TLV. The first TLV determines the type of each Mtrace2 message. TLV. The first TLV determines the type of each Mtrace2 message.
Following a Query TLV, there can be a sequence of optional Extended Following a Query TLV, there can be a sequence of optional Extended
Query Blocks. In the case of a Request or a Reply TLV, it is then Query Blocks. In the case of a Request or a Reply TLV, it is then
followed by a sequence of Standard Response Blocks, each from a followed by a sequence of Standard Response Blocks, each from a
multicast router on the path towards the source or the RP. In the multicast router on the path towards the source or the RP. In the
case more information is needed, a Standard Response Block can be case more information is needed, a Standard Response Block can be
followed by one or multiple Augmented Response Blocks. followed by one or multiple Augmented Response Blocks.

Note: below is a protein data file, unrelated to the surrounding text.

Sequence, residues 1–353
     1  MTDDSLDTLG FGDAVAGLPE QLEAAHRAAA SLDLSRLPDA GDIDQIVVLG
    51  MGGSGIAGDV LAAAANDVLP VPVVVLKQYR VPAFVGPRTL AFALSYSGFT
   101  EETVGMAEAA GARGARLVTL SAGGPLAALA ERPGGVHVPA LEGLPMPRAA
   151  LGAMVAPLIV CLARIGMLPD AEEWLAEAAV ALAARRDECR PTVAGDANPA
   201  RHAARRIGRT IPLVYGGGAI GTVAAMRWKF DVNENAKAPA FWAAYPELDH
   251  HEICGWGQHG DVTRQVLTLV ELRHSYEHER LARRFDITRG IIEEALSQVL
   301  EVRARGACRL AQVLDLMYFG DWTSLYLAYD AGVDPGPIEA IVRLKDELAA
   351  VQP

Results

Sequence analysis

We will describe each message type in details in the next few We will describe each message type in detail in the next few
sections. sections.
3.2.1. Mtrace2 Query 3.2.1. Mtrace2 Query
An Mtrace2 Query is usually originated by an Mtrace2 client which An Mtrace2 Query is usually originated by an Mtrace2 client which
sends an Mtrace2 Query message to the LHR. When tracing towards the sends an Mtrace2 Query message to the LHR. When tracing towards the
source or the RP, the intermediate routers MUST NOT modify the Query source or the RP, the intermediate routers MUST NOT modify the Query
message except the Type field. message except the Type field.
An Mtrace2 Query message is shown as follows: An Mtrace2 Query message is shown as follows:
skipping to change at page 9, line 31 skipping to change at page 9, line 31
+-+-+-+-+-+-+-+-+-+-+-+-+-+-+-+-+-+-+-+-+-+-+-+-+-+-+-+-+-+-+-+-+ +-+-+-+-+-+-+-+-+-+-+-+-+-+-+-+-+-+-+-+-+-+-+-+-+-+-+-+-+-+-+-+-+
| Query ID | Client Port # | | Query ID | Client Port # |
+-+-+-+-+-+-+-+-+-+-+-+-+-+-+-+-+-+-+-+-+-+-+-+-+-+-+-+-+-+-+-+-+ +-+-+-+-+-+-+-+-+-+-+-+-+-+-+-+-+-+-+-+-+-+-+-+-+-+-+-+-+-+-+-+-+
Figure 2 Figure 2
# Hops: 8 bits # Hops: 8 bits
This field specifies the maximum number of hops that the Mtrace2 This field specifies the maximum number of hops that the Mtrace2